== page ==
video, the sail to Sotterley Creek
Back at the beach Kevin B, freshly escaped from civilization and its discontents, was prepping Slip Jig. The Navigator was quickly launched, in the water and ready to go. That left Mike and his Haven 12 1/2, saved for last to eke out every inch of the rising tide.
It’s crazy that he can haul this boat behind a little Subaru Forrester. The boat looks bigger than the car, but it works. A tongue extension on the trailer helps get to deepish water, and six of us are able to shoulder it off pretty easily. Everybody’s in.
Kevin started studying maps and charts months ago, and the most intriguing anchorage for the first night happened to be the closest: Sotterley Creek. Ideal for such a late start, only a couple of miles down river and across the Patuxent. From the beach, we could just see the entrance in the hazy blue distance. The wind had risen gradually throughout the day to a gentle but steady breeze out of the southwest. It would be an easy reach.
On the map you can see the gps track – my noodling around off Broomes Island, then our easy glide down the river.
Long shadows and warm evening light make a beautiful time for sailing. Seven boats slide quietly across the water under clear skies, the sun trailing gold sequins across the surface, sails glowing in the backlight. Hard to beat the sight. Circling each other to savor the view, smiles exchanged in silence as though speaking would break the spell. I could hear Mike singing. I don’t think he could help himself.
The sprinters were quickly out of range, but the lollygaggers made great camera fodder. Kevin B got some great photos, too. Some really fine ones of Aeon, the first I’ve ever seen with the tops’l up while under way, and very much appreciated.
Pete’s Marsh Cat – Obadiah
Navigator – Slip Jig
Navigator – Slip Jig
Melonseed with topsail – Aeon, by Kevin Brennan
Mike’s Haven 12 1/2 – Jackaroo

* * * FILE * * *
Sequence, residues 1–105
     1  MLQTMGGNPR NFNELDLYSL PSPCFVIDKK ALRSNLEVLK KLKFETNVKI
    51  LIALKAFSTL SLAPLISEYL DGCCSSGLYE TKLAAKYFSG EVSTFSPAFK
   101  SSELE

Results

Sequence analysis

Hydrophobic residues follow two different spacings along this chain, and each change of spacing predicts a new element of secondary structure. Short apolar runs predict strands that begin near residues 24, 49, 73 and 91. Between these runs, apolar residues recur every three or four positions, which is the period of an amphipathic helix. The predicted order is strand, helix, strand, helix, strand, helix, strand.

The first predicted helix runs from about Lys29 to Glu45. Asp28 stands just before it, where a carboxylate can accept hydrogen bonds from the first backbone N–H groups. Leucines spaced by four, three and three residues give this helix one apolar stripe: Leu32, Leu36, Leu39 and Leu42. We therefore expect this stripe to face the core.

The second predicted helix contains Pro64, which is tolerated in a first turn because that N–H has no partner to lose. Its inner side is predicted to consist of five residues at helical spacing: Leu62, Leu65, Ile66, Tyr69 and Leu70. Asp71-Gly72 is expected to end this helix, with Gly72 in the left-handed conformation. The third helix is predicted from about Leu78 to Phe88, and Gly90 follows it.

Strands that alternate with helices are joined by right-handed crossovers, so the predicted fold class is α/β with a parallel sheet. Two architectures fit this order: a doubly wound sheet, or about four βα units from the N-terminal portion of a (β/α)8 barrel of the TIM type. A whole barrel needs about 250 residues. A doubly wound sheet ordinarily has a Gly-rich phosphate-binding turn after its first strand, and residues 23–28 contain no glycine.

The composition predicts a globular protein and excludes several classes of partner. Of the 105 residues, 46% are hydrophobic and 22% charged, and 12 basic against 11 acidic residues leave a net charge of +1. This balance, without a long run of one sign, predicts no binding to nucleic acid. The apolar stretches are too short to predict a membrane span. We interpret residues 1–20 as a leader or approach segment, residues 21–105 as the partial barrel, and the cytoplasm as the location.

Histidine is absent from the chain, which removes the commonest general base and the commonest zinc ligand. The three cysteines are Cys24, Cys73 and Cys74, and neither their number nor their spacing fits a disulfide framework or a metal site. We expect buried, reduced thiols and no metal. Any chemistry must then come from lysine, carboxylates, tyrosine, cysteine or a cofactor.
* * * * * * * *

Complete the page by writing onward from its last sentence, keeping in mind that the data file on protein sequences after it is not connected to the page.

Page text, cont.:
Kevin in Slip Jig
Aeon, by Kevin Brennan
Melonseed with topsail, by Kevin Brennan
Jackaroo – Mike’s Haven 12 1/2
Wind faded in the lee of the land just as the sun went down. Still enough left to ghost into the mouth of the creek. We rafted up, made simple meals, shared drinks and stories.
One of the nice things about this arrangement is you get to visit other boats. Kevin and I wobbled over to Jackaroo to harass Mike a bit, stopping to critique Pete’s cooking. Who brings chopsticks to stir leftover chinese on a camping trip? Well, Pete does.
All the 12 1/2s have a low centerboard trunk that rises to just above the waterline. It leaves more room in the cockpit than a full case would. But loaded with four days of camping gear, Mike, then me and Kevin standing on the forward deck, we managed to push that to below the waterline. At which point Mike discovered where the mysterious supply of water was finding its way into the bilge. A small geyser erupted from the trunk cap. Harassed indeed. It would be fine for this trip, but Mike will undoubtedly reseal it, maybe even raise it a few inches. No shortage of opinions on it, to be sure.
What made Sotterley Creek so interesting is it nestles up against it’s namesake, Sotterley Plantation. It’s a small, quiet cove, yes, surrounded by woods and not much else. Just the sort of place we always look for. Check. But Kevin noticed on the map there’s also a small wharf at the end of a sand road, and the road leads to Sotterley. We thought we might tie up there and take a walk in the morning.
I rowed back into the head of the creek for the night, and succeeded in making myself bug bait. There was a gap in the netting I only discovered after swatting no-see-ums unti 2am. Too late to debuggify, I slept with a shirt over my head. The other guys slept out in the open, out where there was a breeze, and had no problems with me drawing all the fire. Rookie mistake.
A beautiful night, though, with all sorts of critters moving along the shoreline until dawn.
“The Butterfly. Kid on the Mountain” by Sláinte (http://www.irishband.com/slainte/index.htm)
“Flicker” by Origamibiro
“Eileen” by Lee Rosevere